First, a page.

LeMay by Barrett Tillman,(Palgrave-Macmillan, New York, 2007, $21.95)
One day in the 1980s, former U.S. Air Force radar specialist Sam Korth met retired General Curtis E. LeMay at an airshow and asked him if a popular story about him was true. Had the World War II bomber leader actually smoked one of his favorite Cuban cigars while standing under the wing of a Convair B-36, and been warned that the massive Peacemaker might explode? The general had reportedly responded, “It wouldn’t dare.” LeMay grunted, then told Korth: “I started that story. But I always followed my own orders.”
That apocryphal incident reflects the rough-hewn spirit of Curtis Emerson LeMay: an innovative self-starter, a stern advocate of training and discipline, and a direct, candid man with minimal charisma. Yet LeMay was warmly regarded by those who knew him best, and colleagues spoke of his “heart of gold” and “great feeling for the troops.” As one subordinate noted, “Curt LeMay irritated many people, but he usually ended up right.” Major General Ira C. Eaker, second commander of the Eighth Air Force during WWII, described him as a “today general” and his best combat leader, while the equally legendary General James H. Doolittle believed LeMay was probably “the best air commander the United States or any other nation ever produced.”
The life story of Curtis LeMay, a highly decorated air commander who led from the cockpit and listened far more than he spoke, unfolds in LeMay, a finely balanced and insightful biography by Barrett Tillman. He has done a masterful job of portraying the complex, controversial airman whose career has been less heralded than those of some other WWII heavy-hitters.
Born in Columbus, Ohio, to Erving LeMay, a steel worker and handyman, and his wife Arizona, young Curtis displayed energy and ambition from the start. He worked hard to achieve Eagle Scout rank and dabbled with engines and electronics, built a crystal set and preferred tinkering and hunting to socializing.
LeMay decided that applying for a West Point appointment was too daunting, so instead he joined the Ohio National Guard. Despite his poor academic standing, he demonstrated the persistence that would mark his long career, setting his sights on becoming an aviation cadet.
LeMay became the finest navigator in the Army Air Corps. He helped to develop the famed Norden bombsight, and led a Boeing B-17 heavy bomber group of the Eighth Air Force in England. He later commanded the 4th Bombardment Wing, working to perfect pattern bombing and formation tactics while maximizing the B-17’s defensive firepower and laying the groundwork for long-range missions.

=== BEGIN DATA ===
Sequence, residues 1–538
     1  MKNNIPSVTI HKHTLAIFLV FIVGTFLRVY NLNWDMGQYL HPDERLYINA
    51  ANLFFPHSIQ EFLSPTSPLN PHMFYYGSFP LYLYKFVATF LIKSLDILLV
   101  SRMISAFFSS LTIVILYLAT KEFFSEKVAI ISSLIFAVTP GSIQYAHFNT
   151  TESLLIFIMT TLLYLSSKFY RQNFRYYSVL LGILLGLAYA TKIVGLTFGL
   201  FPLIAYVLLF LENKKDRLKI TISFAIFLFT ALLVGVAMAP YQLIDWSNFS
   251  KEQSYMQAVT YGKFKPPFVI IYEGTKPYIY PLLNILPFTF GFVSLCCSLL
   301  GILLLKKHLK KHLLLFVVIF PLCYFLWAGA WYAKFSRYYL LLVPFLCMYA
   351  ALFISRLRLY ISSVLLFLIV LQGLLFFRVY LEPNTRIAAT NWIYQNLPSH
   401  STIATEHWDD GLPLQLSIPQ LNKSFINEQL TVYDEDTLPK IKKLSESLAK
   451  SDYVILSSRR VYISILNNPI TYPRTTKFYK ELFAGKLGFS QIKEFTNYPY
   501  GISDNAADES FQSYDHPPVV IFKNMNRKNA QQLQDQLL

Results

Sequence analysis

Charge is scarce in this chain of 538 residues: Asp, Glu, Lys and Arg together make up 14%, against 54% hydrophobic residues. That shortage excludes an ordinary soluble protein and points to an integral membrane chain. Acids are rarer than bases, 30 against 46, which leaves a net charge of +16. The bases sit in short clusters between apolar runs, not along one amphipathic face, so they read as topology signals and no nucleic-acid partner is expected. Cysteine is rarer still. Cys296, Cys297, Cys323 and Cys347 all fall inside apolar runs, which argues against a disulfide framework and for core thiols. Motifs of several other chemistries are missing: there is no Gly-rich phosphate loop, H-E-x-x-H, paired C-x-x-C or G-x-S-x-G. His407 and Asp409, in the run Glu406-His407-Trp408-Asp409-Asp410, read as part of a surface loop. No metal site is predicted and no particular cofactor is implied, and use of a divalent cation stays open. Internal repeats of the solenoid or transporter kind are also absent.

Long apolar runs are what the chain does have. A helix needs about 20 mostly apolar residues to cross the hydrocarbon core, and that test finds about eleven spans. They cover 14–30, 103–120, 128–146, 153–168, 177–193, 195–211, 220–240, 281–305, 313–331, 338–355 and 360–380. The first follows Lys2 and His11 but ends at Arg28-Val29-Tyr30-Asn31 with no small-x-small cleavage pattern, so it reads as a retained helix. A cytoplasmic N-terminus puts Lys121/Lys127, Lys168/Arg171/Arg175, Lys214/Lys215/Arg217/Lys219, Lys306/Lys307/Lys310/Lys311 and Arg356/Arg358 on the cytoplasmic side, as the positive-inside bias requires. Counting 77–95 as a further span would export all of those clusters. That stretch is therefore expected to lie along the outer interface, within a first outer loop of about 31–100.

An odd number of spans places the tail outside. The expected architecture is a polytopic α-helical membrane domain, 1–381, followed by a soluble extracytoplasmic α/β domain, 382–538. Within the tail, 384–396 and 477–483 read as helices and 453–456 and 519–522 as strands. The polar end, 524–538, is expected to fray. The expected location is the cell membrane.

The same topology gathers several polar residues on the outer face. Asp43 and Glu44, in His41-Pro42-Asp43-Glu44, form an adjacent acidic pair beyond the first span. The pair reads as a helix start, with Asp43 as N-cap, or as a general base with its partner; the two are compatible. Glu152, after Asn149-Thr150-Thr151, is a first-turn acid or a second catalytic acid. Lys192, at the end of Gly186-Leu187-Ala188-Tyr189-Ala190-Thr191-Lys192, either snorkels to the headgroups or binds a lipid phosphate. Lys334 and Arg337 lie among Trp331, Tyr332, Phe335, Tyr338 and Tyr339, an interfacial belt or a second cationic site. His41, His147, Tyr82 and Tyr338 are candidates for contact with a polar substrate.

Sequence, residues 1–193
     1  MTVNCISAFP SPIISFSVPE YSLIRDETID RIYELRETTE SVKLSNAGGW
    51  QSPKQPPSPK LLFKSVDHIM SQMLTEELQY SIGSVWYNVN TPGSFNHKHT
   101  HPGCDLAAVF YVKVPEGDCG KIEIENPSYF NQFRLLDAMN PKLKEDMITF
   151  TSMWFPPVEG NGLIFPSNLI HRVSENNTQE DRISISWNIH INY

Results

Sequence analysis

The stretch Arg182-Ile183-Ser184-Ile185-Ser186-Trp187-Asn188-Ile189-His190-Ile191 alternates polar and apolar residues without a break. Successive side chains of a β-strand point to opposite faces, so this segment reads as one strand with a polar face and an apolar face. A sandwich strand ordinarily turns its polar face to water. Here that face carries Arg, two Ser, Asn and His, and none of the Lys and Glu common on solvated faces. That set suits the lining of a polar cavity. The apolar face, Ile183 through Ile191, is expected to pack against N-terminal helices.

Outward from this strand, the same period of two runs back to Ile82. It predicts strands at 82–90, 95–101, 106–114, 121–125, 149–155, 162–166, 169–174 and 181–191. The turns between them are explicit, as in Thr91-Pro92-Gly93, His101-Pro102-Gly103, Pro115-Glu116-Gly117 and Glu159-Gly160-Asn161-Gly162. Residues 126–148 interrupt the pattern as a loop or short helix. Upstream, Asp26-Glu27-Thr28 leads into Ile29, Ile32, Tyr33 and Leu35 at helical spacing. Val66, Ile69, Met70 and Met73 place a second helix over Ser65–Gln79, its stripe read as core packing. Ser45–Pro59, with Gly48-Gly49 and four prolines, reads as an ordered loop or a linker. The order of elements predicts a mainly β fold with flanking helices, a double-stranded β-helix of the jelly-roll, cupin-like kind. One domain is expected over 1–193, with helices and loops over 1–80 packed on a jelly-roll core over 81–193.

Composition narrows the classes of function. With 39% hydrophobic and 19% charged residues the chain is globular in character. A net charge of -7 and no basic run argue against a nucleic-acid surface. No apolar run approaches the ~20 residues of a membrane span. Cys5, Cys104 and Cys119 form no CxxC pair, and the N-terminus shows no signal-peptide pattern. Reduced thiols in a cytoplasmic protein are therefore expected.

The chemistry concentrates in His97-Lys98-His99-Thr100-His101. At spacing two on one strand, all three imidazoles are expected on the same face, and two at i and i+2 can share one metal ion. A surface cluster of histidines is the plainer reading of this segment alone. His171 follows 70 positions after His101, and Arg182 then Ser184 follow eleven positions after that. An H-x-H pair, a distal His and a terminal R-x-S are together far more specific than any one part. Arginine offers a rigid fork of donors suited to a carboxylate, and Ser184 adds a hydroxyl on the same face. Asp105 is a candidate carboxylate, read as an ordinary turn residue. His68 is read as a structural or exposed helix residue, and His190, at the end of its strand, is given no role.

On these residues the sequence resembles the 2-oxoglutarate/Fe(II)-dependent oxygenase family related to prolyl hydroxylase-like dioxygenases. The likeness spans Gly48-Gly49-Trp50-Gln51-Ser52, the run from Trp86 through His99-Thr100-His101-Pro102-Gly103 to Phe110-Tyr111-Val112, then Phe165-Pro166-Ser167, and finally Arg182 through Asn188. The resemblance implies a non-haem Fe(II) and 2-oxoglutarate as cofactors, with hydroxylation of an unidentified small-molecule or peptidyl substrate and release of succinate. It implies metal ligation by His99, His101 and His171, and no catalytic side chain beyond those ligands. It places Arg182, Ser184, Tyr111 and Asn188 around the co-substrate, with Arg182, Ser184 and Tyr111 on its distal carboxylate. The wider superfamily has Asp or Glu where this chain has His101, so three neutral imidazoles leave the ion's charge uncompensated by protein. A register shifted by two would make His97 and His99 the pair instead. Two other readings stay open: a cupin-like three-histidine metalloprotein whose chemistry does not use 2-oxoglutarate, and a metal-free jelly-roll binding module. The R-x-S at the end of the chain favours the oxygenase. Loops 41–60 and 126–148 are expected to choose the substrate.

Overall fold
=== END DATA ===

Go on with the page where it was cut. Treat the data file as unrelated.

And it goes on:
A tough taskmaster, LeMay constantly sought to instill discipline in his crews. Around the briefing rooms and hangars, as well as out on the tarmac, LeMay was known as “Iron Ass.”
Assigned to the Far East in August 1944 after his sterling service in the skies over Europe, General LeMay faced a new enemy, the Japanese, with a new weapon, the Boeing B-29 Superfortress. He led the XX and XXI Bomber commands in China and the Mariana Islands, respectively, and directed punishing fire raids against Tokyo and other Japanese cities.
LeMay also played a major role in selecting Hiroshima and Nagasaki as targets for the first atomic bombs. Tillman, in fact, makes a case that LeMay and Fleet Adm. Chester W. Nimitz were the two commanders most responsible for defeating the Japanese empire.
After WWII ended, LeMay commanded the U.S. Air Force in Europe, organized the Berlin Airlift and, at the apex of his career, headed Strategic Air Command, America’s Cold War spearhead. He later became Air Force chief of staff, and subsequently ran as Governor George Wallace’s vice presidential candidate in 1968.
For his literate, definitive portrait of the intrepid yet largely uncredited airman whose career ranged from 1920s biplane fighters to the North American XB-70 Valkyrie bomber of the early 1960s, Barrett Tillman deserves the highest praise.
Originally published in the July 2007 issue of Aviation History. To subscribe, click here.